Now playing: Blockbuster Bombs Big

April 22, 2008


Once upon a time Blockbuster Video was the quintessential success story. A company and a brand that was admired, feared and emulated. With its great name and focused strategy Blockbuster quickly swept the nation via growth and acquisitions to become American’s place to rent movies.

This fairly tale doesn’t end well. Today, Blockbuster is in shambles. Bad decisions, bad strategies and bad management have left the giant gasping for air. Where did it all go wrong? Let’s take a look and find out.

In the beginning things were great.

Great branding and rapid expansion made Blockbuster the world’s largest video rental chain with more than 7,800 stores in more than 20 countries (about 60% of which are in the US). Each year Blockbuster rents more than 1 billion movies and games. Impressive to say the least.

The brains behind Blockbuster was David Cook. In 1985, he created the brand known as Blockbuster by combining a flashy look, a great name and a computerized rental system. Entrepreneur Wayne Huizenga was the money behind Blockbuster.

In 1987, Huizenga took over Blockbuster and injected $18 million into the company. He set out to become the first national brand in the emerging video rental category and the category leader in the mind. In just three years, Blockbuster went from 130 stores to 1,500 stores. In addition, Blockbuster went global. With the purchase of Cityvision, Blockbuster became the largest video renter in the UK in 1992.

The beginning of the end.

Success can sometimes lead to arrogance. And arrogance in this case meant believing you can sell anything, putting your name on everything and being oblivious to the future. Several bad moves sealed Blockbuster’s fate.

Bad move #1: Don’t line-extend into businesses you have no business being in.
Blockbuster Music

Feeling quite full of itself Blockbuster launched Blockbuster Music in 1992 by purchasing of the Sound Warehouse and Music Plus chains.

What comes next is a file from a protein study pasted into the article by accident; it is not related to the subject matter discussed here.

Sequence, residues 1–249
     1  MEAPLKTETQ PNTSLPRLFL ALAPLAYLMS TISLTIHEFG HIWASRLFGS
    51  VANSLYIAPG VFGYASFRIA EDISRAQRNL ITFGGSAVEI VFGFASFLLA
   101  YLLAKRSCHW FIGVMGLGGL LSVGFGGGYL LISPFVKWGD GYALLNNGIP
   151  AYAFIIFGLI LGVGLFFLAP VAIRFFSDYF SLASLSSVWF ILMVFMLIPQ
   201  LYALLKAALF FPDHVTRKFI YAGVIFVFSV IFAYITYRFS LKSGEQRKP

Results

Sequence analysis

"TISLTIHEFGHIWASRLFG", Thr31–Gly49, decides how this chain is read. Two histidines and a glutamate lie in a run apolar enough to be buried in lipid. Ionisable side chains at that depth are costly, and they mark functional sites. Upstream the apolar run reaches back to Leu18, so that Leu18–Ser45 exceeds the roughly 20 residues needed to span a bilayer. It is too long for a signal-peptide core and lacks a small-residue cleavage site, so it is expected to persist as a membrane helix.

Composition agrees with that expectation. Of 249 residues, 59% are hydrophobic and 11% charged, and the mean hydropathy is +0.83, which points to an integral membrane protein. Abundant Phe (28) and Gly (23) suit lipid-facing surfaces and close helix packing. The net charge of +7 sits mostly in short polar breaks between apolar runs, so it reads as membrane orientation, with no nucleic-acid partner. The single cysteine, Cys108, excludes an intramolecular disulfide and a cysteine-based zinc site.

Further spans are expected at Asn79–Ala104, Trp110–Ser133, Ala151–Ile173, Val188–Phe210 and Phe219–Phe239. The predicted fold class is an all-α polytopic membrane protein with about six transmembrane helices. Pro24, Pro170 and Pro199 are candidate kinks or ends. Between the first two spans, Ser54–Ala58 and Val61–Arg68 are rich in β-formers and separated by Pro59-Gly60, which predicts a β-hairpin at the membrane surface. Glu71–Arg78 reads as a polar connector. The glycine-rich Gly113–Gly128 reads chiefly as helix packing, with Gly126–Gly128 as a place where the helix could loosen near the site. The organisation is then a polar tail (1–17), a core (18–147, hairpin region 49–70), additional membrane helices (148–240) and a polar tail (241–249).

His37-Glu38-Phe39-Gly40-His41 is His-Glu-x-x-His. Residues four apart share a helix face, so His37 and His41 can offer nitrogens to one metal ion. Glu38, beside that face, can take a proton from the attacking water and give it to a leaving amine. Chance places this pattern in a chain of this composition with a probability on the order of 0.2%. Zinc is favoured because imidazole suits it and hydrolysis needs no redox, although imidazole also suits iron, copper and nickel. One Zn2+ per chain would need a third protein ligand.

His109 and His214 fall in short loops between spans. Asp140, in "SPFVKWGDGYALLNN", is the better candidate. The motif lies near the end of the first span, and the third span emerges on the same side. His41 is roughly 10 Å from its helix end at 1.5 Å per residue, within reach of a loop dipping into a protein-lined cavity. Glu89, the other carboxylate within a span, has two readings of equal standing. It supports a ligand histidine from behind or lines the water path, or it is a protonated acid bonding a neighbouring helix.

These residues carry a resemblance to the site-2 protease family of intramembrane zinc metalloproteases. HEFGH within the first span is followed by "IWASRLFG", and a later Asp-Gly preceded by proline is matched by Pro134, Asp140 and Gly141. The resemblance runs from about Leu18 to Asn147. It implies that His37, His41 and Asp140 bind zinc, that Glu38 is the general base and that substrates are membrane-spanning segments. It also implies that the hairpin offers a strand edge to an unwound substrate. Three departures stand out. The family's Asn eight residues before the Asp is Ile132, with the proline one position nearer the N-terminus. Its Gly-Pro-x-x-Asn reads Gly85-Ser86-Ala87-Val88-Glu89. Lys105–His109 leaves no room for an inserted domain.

First of all, Blockbuster means movies not music. Second of all, Blockbuster means rentals not sales. Third of all, talk about getting into the wrong business at the wrong time. Retail music chains are a thing of the past. iTunes, Amazon and Wal-Mart are putting them all out of business.

Bad move #2: Be wary of huge corporations taking over your brand.
Viacom takes over Blockbuster and renames the division Blockbuster Entertainment Group.

Big companies have a lot of advantages including lots of money and distribution might. But unfortunately they usually have no marketing sense. Viacom looked at Blockbuster as an opportunity to expand the business into other “entertainment” areas. Bad move.

Corporate ownership isn’t always bad, but when it undermines your marketing strategy and your brand’s authenticity, it can be deadly. For example, Quaker Oats almost killed Snapple. But PepsiCo has done very well with Gatorade.

Bad move #3: Expanding into everything is a killer.
Blockbuster promotes itself as a “Neighborhood Entertainment Center”

Blockbuster greatly expanded the offerings in its stores to make itself a so-called entertainment center. They started selling videotapes (instead of renting them), selling books, CDs, gift items and music.

Consumers don’t use words like “entertainment center.” They rent movies and buy music and watch movies. Blockbuster had a strong and formidable brand in the movie-rental business. Blockbuster’s expansion into other types of entertainment undermines that. They should be saying “Don’t read or listen to music alone, watch a movie with your honey or family tonight.” And they should also be saying “it’s silly to buy a movie you only watch once.”

An attempt to regain its footing

Just when you might have thought all was lost at Blockbuster, the company did make one heroic comeback attempt. In 1997, Blockbuster refocused on movies and returned to its rental roots.

In one of the most brilliant business moves ever, they negotiated with the movie studios and forced them into a revenue-sharing agreement that replaced the standard practice of buying rental copies for as much as $120 each. This move allowed Blockbuster to stock all the latest movies in depth. It also lowered their costs, giving Blockbuster a huge competitive advantage.

Bad move #4: Giving up the future to be greedy in the present.
The DVD takes over and Blockbuster misses the boat.